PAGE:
Language and sexuality: theory, research and politics
In the preface, we stated that one of our main purposes in writing this book was to synthesize a diverse body of research into a coherent field that could be called 'Language and Sexuality'. In the course of this text, we have made a number of arguments about the relationship between gender and sexuality, the nature of sexuality, the status of 'identity', and the relevance of language to all those phenomena. In this concluding chapter, we want to draw together the arguments we have been making into a programmatic statement about where we think the field of language and sexuality stands today, and where it might go in the future. What might be the most interesting directions and important questions for future study?
We can begin with the topic that has inspired most recent discussion among linguistic researchers, and which we have dealt with extensively in the previous chapters: the relationship between language use and the construction and display of sexual identities.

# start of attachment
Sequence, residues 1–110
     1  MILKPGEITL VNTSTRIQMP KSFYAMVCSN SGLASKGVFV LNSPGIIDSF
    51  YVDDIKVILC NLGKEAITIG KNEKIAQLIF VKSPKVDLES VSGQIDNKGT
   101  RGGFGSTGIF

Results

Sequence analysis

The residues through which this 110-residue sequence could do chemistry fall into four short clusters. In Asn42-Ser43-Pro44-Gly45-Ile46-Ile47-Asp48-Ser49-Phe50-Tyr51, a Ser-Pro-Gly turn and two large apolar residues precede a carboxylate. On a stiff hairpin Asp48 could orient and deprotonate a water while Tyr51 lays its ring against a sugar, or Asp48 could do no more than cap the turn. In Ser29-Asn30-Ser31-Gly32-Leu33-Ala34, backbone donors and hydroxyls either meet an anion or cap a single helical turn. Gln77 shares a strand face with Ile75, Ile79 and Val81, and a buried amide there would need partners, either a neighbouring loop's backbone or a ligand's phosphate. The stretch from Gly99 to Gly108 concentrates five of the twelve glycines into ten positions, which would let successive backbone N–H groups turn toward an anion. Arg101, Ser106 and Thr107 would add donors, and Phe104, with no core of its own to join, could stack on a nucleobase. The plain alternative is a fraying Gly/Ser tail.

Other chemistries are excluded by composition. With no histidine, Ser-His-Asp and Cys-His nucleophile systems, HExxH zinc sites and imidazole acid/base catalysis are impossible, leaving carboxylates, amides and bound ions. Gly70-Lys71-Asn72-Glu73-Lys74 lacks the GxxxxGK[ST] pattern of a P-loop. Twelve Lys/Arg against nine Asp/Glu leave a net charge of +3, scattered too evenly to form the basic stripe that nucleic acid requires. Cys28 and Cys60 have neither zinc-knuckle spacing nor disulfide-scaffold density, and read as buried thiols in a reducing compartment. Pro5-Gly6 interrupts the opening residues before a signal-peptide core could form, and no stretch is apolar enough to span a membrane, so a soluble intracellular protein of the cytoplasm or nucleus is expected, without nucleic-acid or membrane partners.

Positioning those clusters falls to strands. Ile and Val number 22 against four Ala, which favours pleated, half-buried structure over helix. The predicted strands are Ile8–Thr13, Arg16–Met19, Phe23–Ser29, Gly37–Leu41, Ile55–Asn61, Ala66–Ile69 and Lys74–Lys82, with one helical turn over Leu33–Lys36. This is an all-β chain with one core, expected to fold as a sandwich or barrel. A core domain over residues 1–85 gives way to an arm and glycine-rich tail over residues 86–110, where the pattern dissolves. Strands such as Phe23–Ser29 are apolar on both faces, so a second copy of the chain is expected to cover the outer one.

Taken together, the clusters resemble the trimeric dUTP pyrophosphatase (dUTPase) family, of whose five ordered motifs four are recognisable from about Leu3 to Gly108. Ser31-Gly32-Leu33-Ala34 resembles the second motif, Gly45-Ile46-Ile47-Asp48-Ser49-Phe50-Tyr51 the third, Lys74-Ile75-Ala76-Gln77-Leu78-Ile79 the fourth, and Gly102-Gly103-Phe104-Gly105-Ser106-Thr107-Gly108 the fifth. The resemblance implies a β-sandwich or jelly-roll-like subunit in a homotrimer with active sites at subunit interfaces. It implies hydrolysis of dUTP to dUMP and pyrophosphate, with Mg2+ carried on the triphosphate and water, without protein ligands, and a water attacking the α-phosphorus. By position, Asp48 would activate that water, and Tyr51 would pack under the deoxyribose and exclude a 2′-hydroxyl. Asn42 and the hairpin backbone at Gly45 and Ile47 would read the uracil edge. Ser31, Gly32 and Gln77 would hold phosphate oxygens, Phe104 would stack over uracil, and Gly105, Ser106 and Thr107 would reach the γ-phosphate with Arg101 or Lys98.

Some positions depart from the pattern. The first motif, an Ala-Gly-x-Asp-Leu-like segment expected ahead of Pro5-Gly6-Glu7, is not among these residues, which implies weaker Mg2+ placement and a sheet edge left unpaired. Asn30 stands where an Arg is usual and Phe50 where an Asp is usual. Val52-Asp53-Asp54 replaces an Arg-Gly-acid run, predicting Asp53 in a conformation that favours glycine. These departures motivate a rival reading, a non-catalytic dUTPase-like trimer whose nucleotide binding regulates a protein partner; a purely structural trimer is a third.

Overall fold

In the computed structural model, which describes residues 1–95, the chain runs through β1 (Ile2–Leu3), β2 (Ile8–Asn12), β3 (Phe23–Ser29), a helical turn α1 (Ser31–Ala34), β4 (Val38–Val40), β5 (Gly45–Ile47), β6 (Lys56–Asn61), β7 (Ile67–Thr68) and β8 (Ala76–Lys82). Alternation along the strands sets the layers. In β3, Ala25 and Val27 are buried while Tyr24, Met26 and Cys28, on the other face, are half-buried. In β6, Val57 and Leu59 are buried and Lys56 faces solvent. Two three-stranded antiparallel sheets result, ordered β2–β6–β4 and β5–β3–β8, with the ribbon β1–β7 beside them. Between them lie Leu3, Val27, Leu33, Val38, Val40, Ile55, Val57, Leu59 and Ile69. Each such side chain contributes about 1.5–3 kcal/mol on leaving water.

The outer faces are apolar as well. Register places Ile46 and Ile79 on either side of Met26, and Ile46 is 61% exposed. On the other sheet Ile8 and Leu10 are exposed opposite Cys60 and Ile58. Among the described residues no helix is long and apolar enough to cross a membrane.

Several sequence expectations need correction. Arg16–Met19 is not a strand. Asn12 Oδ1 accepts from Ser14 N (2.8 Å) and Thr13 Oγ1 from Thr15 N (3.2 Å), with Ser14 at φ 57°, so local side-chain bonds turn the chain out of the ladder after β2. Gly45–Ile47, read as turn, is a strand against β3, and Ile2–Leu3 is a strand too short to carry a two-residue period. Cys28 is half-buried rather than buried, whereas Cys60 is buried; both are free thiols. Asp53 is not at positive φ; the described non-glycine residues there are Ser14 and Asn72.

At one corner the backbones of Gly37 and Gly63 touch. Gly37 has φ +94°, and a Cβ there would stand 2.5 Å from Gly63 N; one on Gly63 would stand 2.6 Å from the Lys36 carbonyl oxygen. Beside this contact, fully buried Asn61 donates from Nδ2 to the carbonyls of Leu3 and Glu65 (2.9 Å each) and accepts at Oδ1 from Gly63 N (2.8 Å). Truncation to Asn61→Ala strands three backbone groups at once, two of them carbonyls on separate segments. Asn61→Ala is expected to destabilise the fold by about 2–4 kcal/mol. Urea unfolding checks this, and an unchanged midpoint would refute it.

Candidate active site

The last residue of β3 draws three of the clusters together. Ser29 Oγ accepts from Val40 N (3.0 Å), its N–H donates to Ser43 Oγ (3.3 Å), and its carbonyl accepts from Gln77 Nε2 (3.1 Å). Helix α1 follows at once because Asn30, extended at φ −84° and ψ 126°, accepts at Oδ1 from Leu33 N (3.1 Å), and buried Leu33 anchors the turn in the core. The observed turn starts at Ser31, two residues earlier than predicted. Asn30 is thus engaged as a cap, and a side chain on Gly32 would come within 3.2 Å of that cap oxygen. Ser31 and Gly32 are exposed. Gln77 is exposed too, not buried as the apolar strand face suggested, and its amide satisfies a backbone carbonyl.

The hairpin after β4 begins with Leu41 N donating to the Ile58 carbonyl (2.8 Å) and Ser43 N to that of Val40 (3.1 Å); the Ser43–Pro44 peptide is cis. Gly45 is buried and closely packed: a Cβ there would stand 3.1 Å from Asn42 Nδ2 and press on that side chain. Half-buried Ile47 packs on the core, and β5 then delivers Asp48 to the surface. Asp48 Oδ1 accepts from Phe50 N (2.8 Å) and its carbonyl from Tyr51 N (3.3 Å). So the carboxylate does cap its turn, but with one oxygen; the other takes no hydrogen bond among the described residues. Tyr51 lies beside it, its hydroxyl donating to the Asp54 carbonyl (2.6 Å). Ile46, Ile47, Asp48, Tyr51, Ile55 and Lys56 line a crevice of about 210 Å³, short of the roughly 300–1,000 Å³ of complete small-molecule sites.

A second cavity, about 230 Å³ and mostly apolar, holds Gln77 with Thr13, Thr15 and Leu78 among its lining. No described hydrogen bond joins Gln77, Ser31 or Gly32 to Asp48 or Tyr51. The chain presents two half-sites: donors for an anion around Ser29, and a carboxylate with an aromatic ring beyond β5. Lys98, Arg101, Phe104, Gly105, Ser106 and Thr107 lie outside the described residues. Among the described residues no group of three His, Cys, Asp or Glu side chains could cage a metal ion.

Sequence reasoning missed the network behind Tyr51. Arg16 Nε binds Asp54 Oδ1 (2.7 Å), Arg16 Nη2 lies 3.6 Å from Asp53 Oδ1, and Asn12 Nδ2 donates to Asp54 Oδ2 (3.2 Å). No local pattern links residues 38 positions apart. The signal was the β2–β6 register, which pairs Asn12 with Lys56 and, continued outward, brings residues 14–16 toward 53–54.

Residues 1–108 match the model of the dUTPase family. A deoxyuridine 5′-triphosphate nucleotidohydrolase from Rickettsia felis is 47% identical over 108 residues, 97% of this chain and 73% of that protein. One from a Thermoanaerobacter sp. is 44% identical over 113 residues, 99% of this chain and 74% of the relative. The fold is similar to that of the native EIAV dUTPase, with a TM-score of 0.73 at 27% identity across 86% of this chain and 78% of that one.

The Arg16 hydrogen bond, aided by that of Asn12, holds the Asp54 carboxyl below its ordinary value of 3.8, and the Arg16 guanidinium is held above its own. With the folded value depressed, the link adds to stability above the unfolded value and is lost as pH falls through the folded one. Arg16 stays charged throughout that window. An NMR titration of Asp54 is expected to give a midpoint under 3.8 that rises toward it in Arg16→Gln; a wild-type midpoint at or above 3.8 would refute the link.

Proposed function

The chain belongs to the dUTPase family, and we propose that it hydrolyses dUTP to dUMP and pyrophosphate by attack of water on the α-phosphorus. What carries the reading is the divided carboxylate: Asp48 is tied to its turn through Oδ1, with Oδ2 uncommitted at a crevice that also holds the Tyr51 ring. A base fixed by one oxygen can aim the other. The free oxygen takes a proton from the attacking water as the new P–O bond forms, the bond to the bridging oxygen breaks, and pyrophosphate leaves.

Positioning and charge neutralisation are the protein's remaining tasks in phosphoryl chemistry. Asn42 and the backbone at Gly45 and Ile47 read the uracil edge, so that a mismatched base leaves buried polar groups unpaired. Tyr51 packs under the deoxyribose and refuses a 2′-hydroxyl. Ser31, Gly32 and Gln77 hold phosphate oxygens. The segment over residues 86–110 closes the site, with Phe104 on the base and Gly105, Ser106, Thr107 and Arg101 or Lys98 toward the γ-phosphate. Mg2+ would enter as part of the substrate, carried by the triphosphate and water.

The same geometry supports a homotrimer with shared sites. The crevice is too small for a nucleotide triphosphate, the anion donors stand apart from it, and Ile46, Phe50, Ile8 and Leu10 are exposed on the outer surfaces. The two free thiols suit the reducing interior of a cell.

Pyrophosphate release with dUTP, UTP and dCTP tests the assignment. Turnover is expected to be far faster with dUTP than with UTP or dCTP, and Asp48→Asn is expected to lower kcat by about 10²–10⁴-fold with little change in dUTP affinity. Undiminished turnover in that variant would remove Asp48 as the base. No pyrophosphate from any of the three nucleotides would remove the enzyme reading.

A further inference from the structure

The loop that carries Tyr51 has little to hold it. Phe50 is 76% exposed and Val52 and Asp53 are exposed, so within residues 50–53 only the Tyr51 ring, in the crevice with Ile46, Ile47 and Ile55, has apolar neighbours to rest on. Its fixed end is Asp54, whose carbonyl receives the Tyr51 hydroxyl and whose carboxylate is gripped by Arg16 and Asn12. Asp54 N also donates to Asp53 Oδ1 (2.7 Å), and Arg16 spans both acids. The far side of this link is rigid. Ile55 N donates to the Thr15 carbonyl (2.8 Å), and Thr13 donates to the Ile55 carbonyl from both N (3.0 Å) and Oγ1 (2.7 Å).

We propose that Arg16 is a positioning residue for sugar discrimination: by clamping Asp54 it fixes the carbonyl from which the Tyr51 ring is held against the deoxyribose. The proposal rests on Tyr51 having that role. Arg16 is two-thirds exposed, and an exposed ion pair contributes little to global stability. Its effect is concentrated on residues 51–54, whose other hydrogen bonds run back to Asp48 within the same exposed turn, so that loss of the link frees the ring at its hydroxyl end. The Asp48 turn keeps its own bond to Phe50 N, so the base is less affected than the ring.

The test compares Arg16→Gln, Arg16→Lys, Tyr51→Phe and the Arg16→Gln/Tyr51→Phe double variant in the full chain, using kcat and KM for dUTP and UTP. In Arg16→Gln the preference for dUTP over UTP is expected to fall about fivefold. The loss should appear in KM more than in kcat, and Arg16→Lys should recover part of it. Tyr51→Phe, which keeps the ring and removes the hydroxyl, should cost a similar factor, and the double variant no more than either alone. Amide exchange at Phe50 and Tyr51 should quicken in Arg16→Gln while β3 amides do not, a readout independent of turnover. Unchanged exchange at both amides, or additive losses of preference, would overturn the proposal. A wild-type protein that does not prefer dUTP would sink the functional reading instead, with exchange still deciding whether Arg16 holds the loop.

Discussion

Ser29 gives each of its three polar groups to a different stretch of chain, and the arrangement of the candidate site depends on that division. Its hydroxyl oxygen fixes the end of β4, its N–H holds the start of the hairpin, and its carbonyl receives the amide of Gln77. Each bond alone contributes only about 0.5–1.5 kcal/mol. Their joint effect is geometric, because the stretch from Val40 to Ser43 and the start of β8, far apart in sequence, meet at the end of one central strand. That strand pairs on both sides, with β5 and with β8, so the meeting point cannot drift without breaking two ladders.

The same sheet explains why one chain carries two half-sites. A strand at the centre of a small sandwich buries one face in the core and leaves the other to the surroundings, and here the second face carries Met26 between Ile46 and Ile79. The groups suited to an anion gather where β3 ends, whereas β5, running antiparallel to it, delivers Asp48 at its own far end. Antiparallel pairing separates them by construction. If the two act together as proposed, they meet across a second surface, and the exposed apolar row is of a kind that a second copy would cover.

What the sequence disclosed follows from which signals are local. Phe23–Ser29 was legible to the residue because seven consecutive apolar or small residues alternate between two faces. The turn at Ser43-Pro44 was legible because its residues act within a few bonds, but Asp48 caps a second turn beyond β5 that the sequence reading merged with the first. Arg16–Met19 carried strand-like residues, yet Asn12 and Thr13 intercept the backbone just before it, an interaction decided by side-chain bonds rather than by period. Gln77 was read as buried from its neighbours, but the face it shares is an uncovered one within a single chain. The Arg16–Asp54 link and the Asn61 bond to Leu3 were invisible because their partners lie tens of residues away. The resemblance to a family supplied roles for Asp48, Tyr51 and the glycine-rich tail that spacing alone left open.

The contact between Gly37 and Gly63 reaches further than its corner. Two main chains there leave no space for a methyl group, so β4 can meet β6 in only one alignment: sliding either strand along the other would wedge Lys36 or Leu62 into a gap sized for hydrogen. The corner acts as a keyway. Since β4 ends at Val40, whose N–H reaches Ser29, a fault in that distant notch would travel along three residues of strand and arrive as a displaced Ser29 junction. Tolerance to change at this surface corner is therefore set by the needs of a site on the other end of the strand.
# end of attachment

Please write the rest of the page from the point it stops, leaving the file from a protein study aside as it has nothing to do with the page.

One of the main arguments of this book has been that sexual identity is only one aspect of sexuality: the investigation of language and sexuality needs to move beyond an exclusive focus on identity, if it is going to be able to account for the ways in which sexuality is materialized and conveyed through language. At the same time, however, we have stressed that sexual identities are not completely irrelevant to an understanding of language and sexuality. Identity categories like 'gay', 'lesbian', 'straight' – or travesti, hijra or batut – are clearly salient ones for many people in particular societies. As social positionings that individuals claim, or avoid claiming, or are prevented from claiming, the question is not whether these identities deserve our scrutiny. The question, instead, is what kinds of scrutiny are most illuminating.